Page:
Turlutte acadienne montréalaise
SSA choir; Publisher ID: S-481
Also available for TTB and SAB
Submitted by Kathryn Hylton
Repertoire and Resources Chair for Upper Voices
“I love traditional music and I also love participating in the culturally rich music French-Canada has to offer. From my family and community, I learned to value our musical cultural heritage as a living art… because it was fun and interactive and something to be shared with others.” - Marie-Claire Saindon, Moving Beyond the French-Canadian Canon: One Composer’s Mission to Retain Elements of the Traditional in Contemporary Composition
Franco-Ontarian composer Marie-Claire Saindon’s piece Turlutte acadienne montréalaise brings elements of the French-Canadian folk music tradition into the choral setting in an approachable and authentic way. At the request of the commissioning choir, Adleisia (with whom the composer had sung years earlier), Saindon built the piece on a traditional Acadian and Québécois musical practice called “turlutte” (or “mouth-reel”), in which distinct syllables are used to imitate an instrumental reel. While mouth-reels are popular throughout the world, this particular reel uses a unique “ts” syllable, which sounds like a hi-hat cymbal hit and provides many opportunities for syncopation. These vocalizations are then accompanied by rhythmic foot stomping known as podorythmie (which the composer suggests could be replaced by traditional percussion instruments like wooden spoons). The piece uses Saindon’s original melody, though it is often mistaken for an arrangement of a pre-existing folk tune due to its faithfulness to the folk style.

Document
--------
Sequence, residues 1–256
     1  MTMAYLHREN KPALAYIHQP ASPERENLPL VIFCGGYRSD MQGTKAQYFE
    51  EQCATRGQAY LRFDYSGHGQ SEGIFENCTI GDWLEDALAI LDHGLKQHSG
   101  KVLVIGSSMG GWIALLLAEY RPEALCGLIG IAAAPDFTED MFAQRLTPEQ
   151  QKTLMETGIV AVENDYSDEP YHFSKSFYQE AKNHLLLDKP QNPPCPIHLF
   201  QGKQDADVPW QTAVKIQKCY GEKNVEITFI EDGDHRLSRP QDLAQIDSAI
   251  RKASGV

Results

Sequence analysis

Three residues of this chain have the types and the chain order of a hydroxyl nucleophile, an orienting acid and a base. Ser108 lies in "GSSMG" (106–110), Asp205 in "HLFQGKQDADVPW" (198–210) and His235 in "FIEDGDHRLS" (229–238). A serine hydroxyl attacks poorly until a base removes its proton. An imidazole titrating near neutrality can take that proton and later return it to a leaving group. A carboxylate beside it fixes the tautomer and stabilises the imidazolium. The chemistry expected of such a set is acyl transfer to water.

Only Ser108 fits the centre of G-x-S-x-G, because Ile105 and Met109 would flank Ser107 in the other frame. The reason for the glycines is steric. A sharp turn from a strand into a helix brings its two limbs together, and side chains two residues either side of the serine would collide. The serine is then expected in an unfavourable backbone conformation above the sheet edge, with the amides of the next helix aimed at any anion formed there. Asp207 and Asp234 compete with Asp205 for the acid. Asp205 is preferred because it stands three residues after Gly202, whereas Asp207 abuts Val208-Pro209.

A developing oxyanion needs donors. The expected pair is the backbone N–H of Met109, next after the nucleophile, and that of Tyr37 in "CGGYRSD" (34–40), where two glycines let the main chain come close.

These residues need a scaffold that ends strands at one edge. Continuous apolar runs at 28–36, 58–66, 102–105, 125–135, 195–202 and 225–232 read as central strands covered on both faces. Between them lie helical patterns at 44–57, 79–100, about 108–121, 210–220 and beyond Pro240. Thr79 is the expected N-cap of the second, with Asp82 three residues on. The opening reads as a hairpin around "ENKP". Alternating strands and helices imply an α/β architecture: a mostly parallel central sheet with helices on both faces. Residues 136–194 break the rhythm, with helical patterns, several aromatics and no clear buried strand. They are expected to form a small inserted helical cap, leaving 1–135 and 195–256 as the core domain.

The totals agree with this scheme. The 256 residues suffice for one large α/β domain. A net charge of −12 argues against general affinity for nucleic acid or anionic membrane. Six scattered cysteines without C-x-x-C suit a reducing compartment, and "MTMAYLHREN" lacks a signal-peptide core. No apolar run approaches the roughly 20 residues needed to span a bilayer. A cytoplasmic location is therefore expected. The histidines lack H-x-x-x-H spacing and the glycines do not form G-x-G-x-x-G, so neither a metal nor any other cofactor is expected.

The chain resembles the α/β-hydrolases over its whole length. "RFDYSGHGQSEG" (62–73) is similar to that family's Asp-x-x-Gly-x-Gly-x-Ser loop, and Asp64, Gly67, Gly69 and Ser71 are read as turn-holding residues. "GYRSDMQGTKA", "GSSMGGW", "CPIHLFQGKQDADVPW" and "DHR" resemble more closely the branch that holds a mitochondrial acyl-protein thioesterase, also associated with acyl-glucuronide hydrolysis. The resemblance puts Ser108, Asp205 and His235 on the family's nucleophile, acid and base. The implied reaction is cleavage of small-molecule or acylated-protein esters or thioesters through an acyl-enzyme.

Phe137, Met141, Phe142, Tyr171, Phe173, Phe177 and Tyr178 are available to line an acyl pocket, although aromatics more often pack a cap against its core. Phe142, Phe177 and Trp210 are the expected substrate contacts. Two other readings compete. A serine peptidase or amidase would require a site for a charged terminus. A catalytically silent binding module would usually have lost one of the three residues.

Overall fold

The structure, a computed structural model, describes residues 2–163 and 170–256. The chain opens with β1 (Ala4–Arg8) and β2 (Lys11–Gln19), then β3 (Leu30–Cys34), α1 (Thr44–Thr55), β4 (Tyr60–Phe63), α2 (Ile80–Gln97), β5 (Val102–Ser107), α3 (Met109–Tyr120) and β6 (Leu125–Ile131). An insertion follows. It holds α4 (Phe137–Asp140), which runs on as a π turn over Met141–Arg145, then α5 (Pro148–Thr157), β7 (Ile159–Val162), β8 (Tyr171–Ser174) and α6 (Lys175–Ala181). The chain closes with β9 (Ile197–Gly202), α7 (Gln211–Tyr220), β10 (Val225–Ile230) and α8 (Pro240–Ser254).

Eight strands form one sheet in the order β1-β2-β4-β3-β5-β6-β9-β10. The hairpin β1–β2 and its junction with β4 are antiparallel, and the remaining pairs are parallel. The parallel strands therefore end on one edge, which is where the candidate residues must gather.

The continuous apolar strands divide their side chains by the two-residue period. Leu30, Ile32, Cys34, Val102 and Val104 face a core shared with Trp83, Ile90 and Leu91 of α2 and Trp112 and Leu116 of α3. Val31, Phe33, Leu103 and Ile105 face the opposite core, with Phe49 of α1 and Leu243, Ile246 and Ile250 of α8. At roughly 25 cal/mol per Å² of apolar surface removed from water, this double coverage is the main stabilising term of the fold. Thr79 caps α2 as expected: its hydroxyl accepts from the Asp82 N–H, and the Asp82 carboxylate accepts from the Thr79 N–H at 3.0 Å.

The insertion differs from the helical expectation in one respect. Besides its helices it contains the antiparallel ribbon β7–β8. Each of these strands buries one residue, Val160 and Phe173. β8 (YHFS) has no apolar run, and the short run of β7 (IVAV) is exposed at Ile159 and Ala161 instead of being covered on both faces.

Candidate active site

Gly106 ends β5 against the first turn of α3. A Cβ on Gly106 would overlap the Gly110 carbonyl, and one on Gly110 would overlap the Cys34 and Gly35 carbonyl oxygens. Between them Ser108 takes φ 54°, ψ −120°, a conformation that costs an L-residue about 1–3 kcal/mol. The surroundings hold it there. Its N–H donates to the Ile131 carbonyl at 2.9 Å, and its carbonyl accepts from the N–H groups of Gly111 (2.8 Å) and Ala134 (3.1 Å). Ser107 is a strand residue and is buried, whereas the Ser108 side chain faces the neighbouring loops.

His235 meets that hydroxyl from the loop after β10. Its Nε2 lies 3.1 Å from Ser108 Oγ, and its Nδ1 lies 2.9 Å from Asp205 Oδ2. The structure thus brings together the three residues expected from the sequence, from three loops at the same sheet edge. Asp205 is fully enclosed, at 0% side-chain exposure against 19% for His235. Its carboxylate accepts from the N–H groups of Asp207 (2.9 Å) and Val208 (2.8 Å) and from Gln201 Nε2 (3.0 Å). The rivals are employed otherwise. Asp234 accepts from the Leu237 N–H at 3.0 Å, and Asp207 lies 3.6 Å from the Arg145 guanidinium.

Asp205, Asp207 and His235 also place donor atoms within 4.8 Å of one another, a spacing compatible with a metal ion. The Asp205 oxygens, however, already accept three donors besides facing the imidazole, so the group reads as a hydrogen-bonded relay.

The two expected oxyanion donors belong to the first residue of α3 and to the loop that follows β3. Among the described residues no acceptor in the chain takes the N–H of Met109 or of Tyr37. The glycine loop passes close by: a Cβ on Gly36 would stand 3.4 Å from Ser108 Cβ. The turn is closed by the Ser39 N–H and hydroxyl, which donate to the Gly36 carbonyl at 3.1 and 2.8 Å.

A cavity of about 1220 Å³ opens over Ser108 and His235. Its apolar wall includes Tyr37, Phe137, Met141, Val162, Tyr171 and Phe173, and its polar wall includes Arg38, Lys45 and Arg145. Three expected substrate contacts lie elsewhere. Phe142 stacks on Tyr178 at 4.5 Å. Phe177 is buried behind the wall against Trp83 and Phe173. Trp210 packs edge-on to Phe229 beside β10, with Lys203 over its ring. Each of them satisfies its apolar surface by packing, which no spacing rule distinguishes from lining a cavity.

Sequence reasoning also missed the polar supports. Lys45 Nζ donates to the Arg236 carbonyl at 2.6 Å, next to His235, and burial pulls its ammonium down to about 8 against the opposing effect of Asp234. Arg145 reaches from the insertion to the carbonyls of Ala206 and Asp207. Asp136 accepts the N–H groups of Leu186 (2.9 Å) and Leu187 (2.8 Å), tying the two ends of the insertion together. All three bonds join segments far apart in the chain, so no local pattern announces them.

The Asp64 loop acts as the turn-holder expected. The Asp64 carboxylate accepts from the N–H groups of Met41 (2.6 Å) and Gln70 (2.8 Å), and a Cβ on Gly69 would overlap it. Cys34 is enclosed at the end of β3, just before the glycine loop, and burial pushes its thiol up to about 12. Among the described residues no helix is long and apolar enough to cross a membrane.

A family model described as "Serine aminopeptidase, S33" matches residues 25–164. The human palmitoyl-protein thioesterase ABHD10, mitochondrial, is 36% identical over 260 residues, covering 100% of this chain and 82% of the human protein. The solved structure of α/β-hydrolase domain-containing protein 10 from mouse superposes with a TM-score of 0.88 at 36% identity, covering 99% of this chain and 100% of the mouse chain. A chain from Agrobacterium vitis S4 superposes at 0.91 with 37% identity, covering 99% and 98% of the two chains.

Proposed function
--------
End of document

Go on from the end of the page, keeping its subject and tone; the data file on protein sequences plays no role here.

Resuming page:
Turlutte acadienne montréalaise opens with the choir singing the first phrase of the reel in unison. With each new phrase, the vocal parts divide out to add a wonderful color and harmonic support for the tune. Once the percussive foot taps begin, the supporting vocal lines likewise begin to build in rhythmic interest and intensity until all parts sing the reel together in energetic, joyful triadic harmony. The piece comes to a close when the melody, once again supported harmonically by long notes, is sung one final time by the sopranos.
Saindon’s eclectic musical experiences, including playing the fiddle with folk musicians on a historical steam train, studying film scoring, and singing with a professional upper voice choir give her a unique voice as an artist, and especially as a composer of upper voice music. Please visit her website to explore more of Marie-Claire Saindon’s choral music including compositions for high voice, mixed, low voice, and children’s/youth choirs: https://www.marieclairesaindon.com/